WASHINGTON Feb 12 For Mitch McConnell, the top
Senate Republican, a vote to end debate over raising the U.S.
debt ceiling on Wednesday was much more than a vote to leave
Washington before a snowstorm arrived.
It earned him the wrath of his party's vocal and influential
right wing, and it could have implications for the Senate
minority leader's re-election campaign in Kentucky.
The vote, in which he was joined by 11 other Republican
senators, came as McConnell is trying to appeal to conservative
voters in Kentucky to fend off a primary challenge from Matt
Bevin, a Tea Party-aligned Republican. And it was a sign of
defiance against influential outside groups trying to push him
further to the political right less than half a year after a
government shutdown and the last debt ceiling fight.
"This vote couldn't have come at a worse time for Mitch
McConnell," said Republican strategist Ford O'Connell, who
advised Republican John McCain's 2008 presidential bid.
O'Connell noted that the campaign ahead of the May 20 Kentucky
Senate primary was moving into high gear.
The legislation to extend the U.S. federal borrowing
authority for a year now goes to the desk of President Barack
Obama for approval. Debt limit increases have been a source of
major partisan battles since 2011, and Wednesday's vote was seen
as a victory for Democrats.
But McConnell, a 29-year veteran of the Senate who has been
closely involved with negotiating agreements to end similar
standoffs in the past, stepped forward to ensure the measure's
Allies to Tea Party challenger Bevin staunchly oppose
raising the debt ceiling, saying Republicans should demand
deficit reduction as a condition for any increase in the Obama
administration's borrowing authority.
"I wish I could say I am surprised that Mitch McConnell
voted to hand President Obama another blank check," said Bevin
in a statement after the vote.
"But sadly, I am not, because this is more of the same from
a career politician who has voted for bigger government,
multiple bailouts, and now 11 debt ceiling increases."
McConnell leads Bevin in early polling, but if he wins, he
could face a tougher race against Alison Lundergan Grimes,
Kentucky's Democratic secretary of state. McConnell is trailing
Grimes slightly in preliminary polls.
To win the primary, McConnell must continue to court voters
on the right without alienating the moderate Republican and
independent voters he will need to win the general election.
MOBILIZING AGAINST MCCONNELL
Still, independent political groups like the Senate
Conservatives Fund are mobilizing supporters to ensure he does
not even get past the primary.
"They want Mitch McConnell out of there, but his standing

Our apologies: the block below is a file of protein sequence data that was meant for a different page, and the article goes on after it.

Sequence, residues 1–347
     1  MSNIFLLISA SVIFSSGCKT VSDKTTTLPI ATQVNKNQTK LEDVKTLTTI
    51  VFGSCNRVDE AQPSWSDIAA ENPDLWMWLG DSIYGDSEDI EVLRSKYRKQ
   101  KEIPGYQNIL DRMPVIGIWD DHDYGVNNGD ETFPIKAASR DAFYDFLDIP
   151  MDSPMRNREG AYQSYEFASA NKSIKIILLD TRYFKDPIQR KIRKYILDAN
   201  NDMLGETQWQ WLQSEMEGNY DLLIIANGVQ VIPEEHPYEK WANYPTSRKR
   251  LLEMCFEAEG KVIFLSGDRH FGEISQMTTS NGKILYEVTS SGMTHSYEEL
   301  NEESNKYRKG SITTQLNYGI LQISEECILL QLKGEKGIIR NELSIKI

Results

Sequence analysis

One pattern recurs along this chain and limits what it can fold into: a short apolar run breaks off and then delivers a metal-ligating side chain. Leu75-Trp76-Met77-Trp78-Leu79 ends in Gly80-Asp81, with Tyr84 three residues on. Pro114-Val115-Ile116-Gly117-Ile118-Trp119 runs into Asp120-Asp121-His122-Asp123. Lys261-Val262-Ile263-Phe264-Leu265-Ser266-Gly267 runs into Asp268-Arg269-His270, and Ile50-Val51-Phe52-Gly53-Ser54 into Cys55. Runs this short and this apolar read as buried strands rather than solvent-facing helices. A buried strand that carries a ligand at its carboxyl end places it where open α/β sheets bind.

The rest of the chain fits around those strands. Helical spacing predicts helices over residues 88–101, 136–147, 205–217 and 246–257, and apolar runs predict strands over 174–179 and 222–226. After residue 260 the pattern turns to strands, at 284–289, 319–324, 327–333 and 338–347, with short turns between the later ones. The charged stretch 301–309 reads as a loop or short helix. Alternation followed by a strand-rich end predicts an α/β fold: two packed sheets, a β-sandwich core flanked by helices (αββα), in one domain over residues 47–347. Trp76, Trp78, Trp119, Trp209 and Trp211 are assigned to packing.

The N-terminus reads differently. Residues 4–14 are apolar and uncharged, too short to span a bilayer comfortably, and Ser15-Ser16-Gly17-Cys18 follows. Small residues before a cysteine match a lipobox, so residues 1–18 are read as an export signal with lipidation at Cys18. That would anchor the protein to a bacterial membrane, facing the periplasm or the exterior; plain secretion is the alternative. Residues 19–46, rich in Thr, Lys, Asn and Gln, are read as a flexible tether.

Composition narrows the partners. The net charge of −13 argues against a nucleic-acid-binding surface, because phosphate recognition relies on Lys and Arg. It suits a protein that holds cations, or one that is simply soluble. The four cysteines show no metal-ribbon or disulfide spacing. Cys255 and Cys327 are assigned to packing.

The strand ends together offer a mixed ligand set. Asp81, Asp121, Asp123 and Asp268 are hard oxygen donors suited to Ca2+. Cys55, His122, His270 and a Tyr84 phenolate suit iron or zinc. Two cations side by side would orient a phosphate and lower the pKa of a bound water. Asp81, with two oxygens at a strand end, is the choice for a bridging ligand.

looks pretty good. His biggest worry is Grimes, and this vote
doesn't hurt him against her," O'Connell said.
Seconds after McConnell voted to end debate on the debt
limit vote, the Senate Conservatives Fund tweeted: "Mitch
McConnell just voted with the Democrats to advance yet another
debt limit increase. Kentucky deserves better."
While Republican leaders are confident they can retake the
Senate by winning six seats from vulnerable Democrats in
November, right-wing insurgents aligned with the Tea Party, such
as Bevin, are complicating their efforts by challenging Senate
As the drama played out over the procedural vote on the debt
limit, McConnell's Senate Republican colleagues lent him some
crucial support. The No. 2 Senate Republican, John Cornyn of
Texas, who is also facing a primary challenge from the right,
also voted in favor of allowing the debt limit measure to
Other Republican senators who voted with McConnell included
Senator McCain of Arizona and Senator Bob Corker of Tennessee,
both of whom are known as dealmakers in the Senate.
But the move highlighted tensions between McConnell and his
prominent conservative colleagues.
Kentucky's other senator, Tea Party favorite Rand Paul,
voted "no" on the procedural legislation on the debt limit.
McConnell owed his predicament on Wednesday to Texas Senator
Ted Cruz, a main player in the government shutdown in October
and, like Paul, a possible 2016 presidential contender.
Cruz had threatened to block the procedural vote on the debt
ceiling increase unless it received at least 60 votes, which
meant at least a handful of Republican votes were necessary to
ensure its passage.
In the end, the measure passed 67-31. The senators then
approved increasing the debt ceiling by a 55-43 vote, and rushed
to catch flights out of Washington before a major winter storm
was due to hit the city.
"We can't keep going the path that we're on," Cruz said
after the vote. "We're bankrupting the country. It's
irresponsible to our kids, it's irresponsible to our grandkids."